- The Washington Times - Friday, January 20, 2017

The events of a Presidential inauguration are historic. And, given the thousands of cameras all pointed in the same direction, even small details of pageantry and formality are noted and recorded for history. Comparisons with past inaugurations are inevitable, and deviations from the norm are either celebrated or scoffed—depending on the eye of the beholder.

For example, Supreme Court Justice Clarence Thomas became the first African-American to administer the oath of office to a Vice President. One has to wonder if his doing so will help the newly opened National Museum of African American History to correct itself in its recent snubbing of Justice Thomas.

The Bible that Justice Thomas held while administering the oath to Vice President Mike Pence was the same Bible that Ronald Reagan used for his two inaugurations. The Ronald Reagan Library in Simi Valley, California loaned it for use by Mr. Pence after he saw it in the display case during a visit to the museum while on the campaign. 

John Heubusch, Executive Director of the Reagan Library and Foundation, told The Hill: “No one’s ever had the courage, I guess, until this point to make an ask for it. …It’s not one we loan out like a library book, to be sure, it’s never left the Reagan museum.”

If you looked closely at the swearing in, you may have noticed that the Bible wasn’t closed, as is normally the case. Rather, it was open. Why? Because the Vice President wanted the Bible to lay open to a certain passage of Scripture, 2 Chronicles 7:14, just as it lays open to that page while under bulletproof glass in the Museum. 

The verse was special for President Reagan, as it is for many Christians. For example, the late Adrian Rogers, pastor of Bellevue Baptist Church in Memphis, Tennessee and twice the president of the Southern Baptist Convention, loved to preach on this text. Rogers, first elected to the lead the Convention in 1979 as the theological Conservatives began to turn the denomination in a new direction, was part of an immense wave of interest that Christians had for getting into the public arena and making a difference. Rogers knew that you can’t equate the United States with the ancient nation of Israel. Nevertheless, Rogers preached these words:

Second Chronicles 7 and verse 14—here is an ancient promise. Obviously, it was given to Israel, but the Bible says of Israel, “All these things happened unto them for examples [to us]” (1 Corinthians 10:11). Here’s what God says: “If my people, which are called by my name, shall humble themselves, and pray, and seek my face, and turn from their wicked ways; then will I hear from heaven, and will forgive their sin, and will heal their land” (2 Chronicles 7:14). This wonderful nation, born in 1776, must be born again, or it will join the graveyard of the nations. God says in Jeremiah 10, verse 10: “at his wrath the earth shall tremble, and the nations shall not be able to abide his indignation” (Jeremiah 10:10).”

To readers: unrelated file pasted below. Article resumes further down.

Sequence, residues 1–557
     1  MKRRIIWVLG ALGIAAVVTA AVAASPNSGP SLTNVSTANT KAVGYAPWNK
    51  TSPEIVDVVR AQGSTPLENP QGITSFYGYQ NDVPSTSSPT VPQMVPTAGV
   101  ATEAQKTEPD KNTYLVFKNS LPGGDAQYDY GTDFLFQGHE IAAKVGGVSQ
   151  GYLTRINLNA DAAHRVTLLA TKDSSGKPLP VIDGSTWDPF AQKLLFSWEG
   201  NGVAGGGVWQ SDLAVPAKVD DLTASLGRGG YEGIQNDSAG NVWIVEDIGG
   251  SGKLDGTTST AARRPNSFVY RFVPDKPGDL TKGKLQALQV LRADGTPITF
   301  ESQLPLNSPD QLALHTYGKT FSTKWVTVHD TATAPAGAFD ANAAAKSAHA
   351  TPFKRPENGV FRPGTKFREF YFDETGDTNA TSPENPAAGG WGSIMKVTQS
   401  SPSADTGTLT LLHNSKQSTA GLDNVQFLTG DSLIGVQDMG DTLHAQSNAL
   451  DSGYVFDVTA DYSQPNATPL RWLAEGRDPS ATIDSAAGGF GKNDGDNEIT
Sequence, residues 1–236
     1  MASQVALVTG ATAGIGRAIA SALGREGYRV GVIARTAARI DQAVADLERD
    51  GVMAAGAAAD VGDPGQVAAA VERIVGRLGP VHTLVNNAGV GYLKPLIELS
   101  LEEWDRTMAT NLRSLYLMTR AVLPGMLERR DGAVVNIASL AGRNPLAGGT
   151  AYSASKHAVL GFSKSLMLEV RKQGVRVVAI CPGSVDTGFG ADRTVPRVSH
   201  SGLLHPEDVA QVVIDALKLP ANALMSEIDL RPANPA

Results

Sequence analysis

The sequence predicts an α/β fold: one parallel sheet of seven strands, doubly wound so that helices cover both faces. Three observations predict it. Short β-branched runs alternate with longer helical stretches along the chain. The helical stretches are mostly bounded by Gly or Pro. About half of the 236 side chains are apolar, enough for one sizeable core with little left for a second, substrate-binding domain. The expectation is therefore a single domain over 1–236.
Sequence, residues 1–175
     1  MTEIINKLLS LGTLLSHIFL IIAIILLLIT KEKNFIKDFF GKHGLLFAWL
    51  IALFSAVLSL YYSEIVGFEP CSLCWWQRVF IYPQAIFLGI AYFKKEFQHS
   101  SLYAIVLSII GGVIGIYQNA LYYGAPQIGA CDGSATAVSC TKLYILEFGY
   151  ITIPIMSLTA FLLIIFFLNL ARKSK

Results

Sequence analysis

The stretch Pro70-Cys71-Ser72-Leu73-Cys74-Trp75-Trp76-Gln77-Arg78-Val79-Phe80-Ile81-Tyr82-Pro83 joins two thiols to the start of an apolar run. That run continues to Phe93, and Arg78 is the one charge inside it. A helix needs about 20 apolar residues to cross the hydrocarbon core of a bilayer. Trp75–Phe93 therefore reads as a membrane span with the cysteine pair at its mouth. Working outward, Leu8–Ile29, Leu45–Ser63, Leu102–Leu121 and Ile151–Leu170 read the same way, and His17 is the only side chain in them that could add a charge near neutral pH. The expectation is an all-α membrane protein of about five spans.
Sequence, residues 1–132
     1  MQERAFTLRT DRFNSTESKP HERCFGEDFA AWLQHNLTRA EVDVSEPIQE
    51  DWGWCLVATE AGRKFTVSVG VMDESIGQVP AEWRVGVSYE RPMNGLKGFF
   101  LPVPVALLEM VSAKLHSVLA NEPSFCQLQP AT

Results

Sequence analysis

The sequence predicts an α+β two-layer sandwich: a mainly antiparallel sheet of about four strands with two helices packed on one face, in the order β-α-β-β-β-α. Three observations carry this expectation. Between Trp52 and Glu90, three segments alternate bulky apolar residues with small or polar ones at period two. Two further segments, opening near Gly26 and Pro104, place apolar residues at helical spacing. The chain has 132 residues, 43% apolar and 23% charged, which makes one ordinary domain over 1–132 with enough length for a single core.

To get a bit more historical information on the Reagan Bible in general, and on the 2 Chronicles 7:14 text in particular, here is a quote from historian Paul Kengor’s bestselling book, God and Ronald Reagan:

“On January 20, 1981, a drab day in the nation’s capital, Ronald Wilson Reagan took the oath of office and became the fortieth president of the United States. As Reagan was sworn in, Nancy stood aglow by his, her eyes as wide and fixed as those of Amy Goodrich in That Printer of Udell’s as Dick Walker prepared to head to Washington to save the world. For the swearing-in, Reagan had chosen to use Nelle Reagan’s old, wrinkled Bible, opened to II Chronicles 7:14, her favorite verse and one her son treasured equally:

If my people, which are called by my name, shall humble themselves, and pray, and seek my face, and turn from their wicked ways; then will I hear from heaven, and will forgive their sin, and will heal their land.

If was a verse in which Reagan had invested special meaning. He often quoted Scripture verses off the top of his head, especially those related to nations turning to prayer, and he recited II Chronicles 7:14 by heart in a number of proclamations and speeches over the years, major and minor. It is engraved on the inside cover of his personal Bible, provided by the Cowboy Chapter Fellowship of Christian Athletes.

‘When you go out across the country and meet the people,’ he had said in a failed presidential bid four years earlier, ‘you can’t help but pray and remind them of II Chronicles 7:14.’ The Bible Reagan used at the inauguration bore an annotation next to the verse, in Nelle’s hand: “A most wonderful verse for the healing of a nation.”

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